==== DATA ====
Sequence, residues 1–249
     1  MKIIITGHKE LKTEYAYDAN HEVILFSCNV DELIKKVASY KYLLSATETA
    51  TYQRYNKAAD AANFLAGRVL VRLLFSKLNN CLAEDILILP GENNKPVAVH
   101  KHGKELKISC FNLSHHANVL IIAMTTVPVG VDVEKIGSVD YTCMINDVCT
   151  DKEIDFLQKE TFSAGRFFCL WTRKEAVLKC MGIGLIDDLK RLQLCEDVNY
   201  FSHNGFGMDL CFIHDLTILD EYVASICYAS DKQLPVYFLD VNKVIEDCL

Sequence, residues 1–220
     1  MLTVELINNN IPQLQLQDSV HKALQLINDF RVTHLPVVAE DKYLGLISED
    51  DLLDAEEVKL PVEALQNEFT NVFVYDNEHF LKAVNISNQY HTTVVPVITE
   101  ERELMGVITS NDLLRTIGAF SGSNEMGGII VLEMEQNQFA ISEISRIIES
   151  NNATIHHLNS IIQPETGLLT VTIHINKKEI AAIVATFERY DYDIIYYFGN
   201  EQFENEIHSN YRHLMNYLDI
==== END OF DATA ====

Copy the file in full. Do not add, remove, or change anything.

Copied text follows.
Sequence, residues 1–249
     1  MKIIITGHKE LKTEYAYDAN HEVILFSCNV DELIKKVASY KYLLSATETA
    51  TYQRYNKAAD AANFLAGRVL VRLLFSKLNN CLAEDILILP GENNKPVAVH
   101  KHGKELKISC FNLSHHANVL IIAMTTVPVG VDVEKIGSVD YTCMINDVCT
   151  DKEIDFLQKE TFSAGRFFCL WTRKEAVLKC MGIGLIDDLK RLQLCEDVNY
   201  FSHNGFGMDL CFIHDLTILD EYVASICYAS DKQLPVYFLD VNKVIEDCL

Sequence, residues 1–220
     1  MLTVELINNN IPQLQLQDSV HKALQLINDF RVTHLPVVAE DKYLGLISED
    51  DLLDAEEVKL PVEALQNEFT NVFVYDNEHF LKAVNISNQY HTTVVPVITE
   101  ERELMGVITS NDLLRTIGAF SGSNEMGGII VLEMEQNQFA ISEISRIIES
   151  NNATIHHLNS IIQPETGLLT VTIHINKKEI AAIVATFERY DYDIIYYFGN
   201  EQFENEIHSN YRHLMNYLDI